The World Trade Organization (WTO) Committee on Trade and Environment recently discussed how trade can help promote a circular economy which favours keeping materials in use and improving resource efficiency.
Members argued that work in the WTO will be vital for unlocking trade flows and promoting cooperation in this area.
Several WTO member countries have raised the particular problem of plastic pollution, given its cross-border implications.
Director-General Roberto Azevêdo responded: “Whether and how to address plastic pollution at the WTO will ultimately be in your hands to determine. Decisions on how to proceed will be yours to make. Members are in the driver's seat at the WTO. The Secretariat and I will be enthusiastic supporters in all environment-related efforts you decide to pursue.”
Deputy Director-General Alan Wolff elaborated on the role the WTO can play in supporting a global transition to a circular economy.
Many trade-related measures actively support the circular economy, he explained, for example by establishing ecodesign or recycling standards, or by requiring governments to purchase goods that meet environmental standards.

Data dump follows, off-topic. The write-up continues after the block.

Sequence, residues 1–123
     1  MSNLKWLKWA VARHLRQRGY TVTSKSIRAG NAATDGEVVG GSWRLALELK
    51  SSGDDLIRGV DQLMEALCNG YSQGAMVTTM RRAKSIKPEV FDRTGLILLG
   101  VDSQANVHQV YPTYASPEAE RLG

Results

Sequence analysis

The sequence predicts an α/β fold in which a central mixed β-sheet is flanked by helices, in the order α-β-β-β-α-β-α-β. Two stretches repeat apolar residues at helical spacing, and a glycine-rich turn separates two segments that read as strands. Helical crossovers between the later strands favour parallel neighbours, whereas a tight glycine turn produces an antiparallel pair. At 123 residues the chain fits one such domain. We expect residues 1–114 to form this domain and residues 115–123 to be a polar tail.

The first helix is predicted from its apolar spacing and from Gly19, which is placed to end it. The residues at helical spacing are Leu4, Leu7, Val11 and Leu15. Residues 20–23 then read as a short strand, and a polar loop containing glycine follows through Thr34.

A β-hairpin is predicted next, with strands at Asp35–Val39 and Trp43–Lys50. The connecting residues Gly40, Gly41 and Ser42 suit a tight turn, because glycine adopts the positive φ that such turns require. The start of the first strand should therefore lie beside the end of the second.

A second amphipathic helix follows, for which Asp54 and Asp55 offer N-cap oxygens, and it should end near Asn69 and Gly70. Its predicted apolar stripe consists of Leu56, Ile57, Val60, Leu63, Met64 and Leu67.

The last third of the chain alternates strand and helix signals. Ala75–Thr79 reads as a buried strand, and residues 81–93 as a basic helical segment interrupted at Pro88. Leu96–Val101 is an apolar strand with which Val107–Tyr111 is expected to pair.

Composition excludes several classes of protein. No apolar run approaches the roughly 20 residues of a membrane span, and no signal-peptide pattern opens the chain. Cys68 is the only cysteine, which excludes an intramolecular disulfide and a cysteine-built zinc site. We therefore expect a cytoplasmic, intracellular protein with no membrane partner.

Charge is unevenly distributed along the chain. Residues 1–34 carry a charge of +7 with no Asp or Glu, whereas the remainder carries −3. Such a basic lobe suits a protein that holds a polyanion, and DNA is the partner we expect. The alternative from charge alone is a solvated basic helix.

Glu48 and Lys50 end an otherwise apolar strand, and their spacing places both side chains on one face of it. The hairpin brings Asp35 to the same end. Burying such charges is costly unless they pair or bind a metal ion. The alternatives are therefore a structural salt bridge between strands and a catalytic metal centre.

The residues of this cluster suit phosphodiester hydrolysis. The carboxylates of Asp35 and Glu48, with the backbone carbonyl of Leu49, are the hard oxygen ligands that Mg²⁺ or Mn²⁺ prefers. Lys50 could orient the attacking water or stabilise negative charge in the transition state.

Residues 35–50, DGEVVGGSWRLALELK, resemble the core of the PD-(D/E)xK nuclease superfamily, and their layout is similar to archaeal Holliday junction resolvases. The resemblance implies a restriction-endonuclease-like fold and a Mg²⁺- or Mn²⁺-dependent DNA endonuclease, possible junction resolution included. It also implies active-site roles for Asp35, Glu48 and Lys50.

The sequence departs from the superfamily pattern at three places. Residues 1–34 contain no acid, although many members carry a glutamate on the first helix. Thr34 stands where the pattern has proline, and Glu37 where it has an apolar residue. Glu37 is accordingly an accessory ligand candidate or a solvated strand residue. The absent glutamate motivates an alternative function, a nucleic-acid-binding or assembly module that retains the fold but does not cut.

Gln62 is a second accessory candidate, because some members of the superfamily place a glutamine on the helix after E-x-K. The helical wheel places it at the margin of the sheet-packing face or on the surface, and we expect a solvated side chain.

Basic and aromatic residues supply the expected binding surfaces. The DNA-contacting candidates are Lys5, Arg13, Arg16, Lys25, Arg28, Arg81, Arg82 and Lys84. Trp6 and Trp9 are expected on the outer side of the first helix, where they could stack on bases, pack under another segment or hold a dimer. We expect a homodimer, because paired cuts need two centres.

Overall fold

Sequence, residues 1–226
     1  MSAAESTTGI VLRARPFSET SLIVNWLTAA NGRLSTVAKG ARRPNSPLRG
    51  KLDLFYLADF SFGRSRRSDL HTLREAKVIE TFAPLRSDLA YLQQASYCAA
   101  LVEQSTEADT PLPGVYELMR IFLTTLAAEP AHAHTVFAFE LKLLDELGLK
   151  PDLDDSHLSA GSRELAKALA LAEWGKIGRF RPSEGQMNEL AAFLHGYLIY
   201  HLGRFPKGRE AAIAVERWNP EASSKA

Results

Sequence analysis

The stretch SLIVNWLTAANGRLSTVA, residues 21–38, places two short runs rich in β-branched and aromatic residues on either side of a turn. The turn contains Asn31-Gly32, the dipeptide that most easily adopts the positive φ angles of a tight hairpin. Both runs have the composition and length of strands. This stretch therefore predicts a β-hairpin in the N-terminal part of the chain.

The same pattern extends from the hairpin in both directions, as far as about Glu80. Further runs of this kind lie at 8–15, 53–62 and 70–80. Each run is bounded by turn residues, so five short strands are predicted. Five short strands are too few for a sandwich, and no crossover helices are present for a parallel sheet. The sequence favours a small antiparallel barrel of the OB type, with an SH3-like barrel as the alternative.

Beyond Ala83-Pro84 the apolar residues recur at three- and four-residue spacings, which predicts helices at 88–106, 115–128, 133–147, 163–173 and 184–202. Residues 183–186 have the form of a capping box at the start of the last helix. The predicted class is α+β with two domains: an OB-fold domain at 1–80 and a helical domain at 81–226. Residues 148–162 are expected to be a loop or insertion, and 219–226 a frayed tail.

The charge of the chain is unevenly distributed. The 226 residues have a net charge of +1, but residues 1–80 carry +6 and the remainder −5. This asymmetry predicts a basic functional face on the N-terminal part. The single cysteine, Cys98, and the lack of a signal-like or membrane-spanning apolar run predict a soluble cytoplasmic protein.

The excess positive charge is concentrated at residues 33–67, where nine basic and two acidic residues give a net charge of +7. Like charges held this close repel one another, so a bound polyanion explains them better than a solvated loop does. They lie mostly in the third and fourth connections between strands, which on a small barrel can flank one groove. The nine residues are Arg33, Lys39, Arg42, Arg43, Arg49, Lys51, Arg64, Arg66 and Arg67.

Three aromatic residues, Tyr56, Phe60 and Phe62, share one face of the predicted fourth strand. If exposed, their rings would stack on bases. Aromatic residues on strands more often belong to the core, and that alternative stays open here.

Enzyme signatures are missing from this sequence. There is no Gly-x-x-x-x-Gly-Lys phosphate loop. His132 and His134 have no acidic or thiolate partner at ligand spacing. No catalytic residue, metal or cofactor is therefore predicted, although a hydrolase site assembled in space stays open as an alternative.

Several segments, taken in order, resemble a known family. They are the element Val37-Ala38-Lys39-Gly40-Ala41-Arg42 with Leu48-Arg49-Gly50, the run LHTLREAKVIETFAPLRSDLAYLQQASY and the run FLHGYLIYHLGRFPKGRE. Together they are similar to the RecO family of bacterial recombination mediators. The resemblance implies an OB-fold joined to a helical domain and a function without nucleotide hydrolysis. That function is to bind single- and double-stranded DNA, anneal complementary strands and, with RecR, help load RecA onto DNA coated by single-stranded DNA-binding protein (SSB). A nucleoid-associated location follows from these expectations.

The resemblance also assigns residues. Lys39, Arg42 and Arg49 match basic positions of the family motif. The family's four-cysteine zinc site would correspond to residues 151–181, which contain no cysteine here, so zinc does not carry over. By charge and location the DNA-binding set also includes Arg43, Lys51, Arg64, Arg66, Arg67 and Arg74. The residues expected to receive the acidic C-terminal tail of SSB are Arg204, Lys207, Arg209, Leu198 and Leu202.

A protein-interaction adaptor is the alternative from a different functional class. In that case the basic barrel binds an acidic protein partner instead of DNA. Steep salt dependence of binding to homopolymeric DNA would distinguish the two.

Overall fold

Speakers concluded that, while national action was essential, global cooperation and solutions were equally critical. Trade could play a role by providing the scale a circular economy requires by pooling supply and demand for reusable materials currently spread out in various markets, they said.
It is expected that some of these ideas will be taken forward at the 12th WTO Ministerial Conference (MC12) being convened in Nur-Sultan in June 2020.
Meanwhile, New Zealand, Costa Rica, Fiji, Iceland and Norway have launched negotiations for an Agreement on Climate Change, Trade and Sustainability (ACCTS).
The parties will consider the elimination of tariffs on environmental goods and new commitments on environmental services, disciplines to eliminate fossil fuel subsidies, and guidelines for eco-labelling programmes.
Negotiations will start early next year and, once an agreement is forged, it will be open to other WTO members who wish to make the same commitments.
Last reviewed 6 December 2019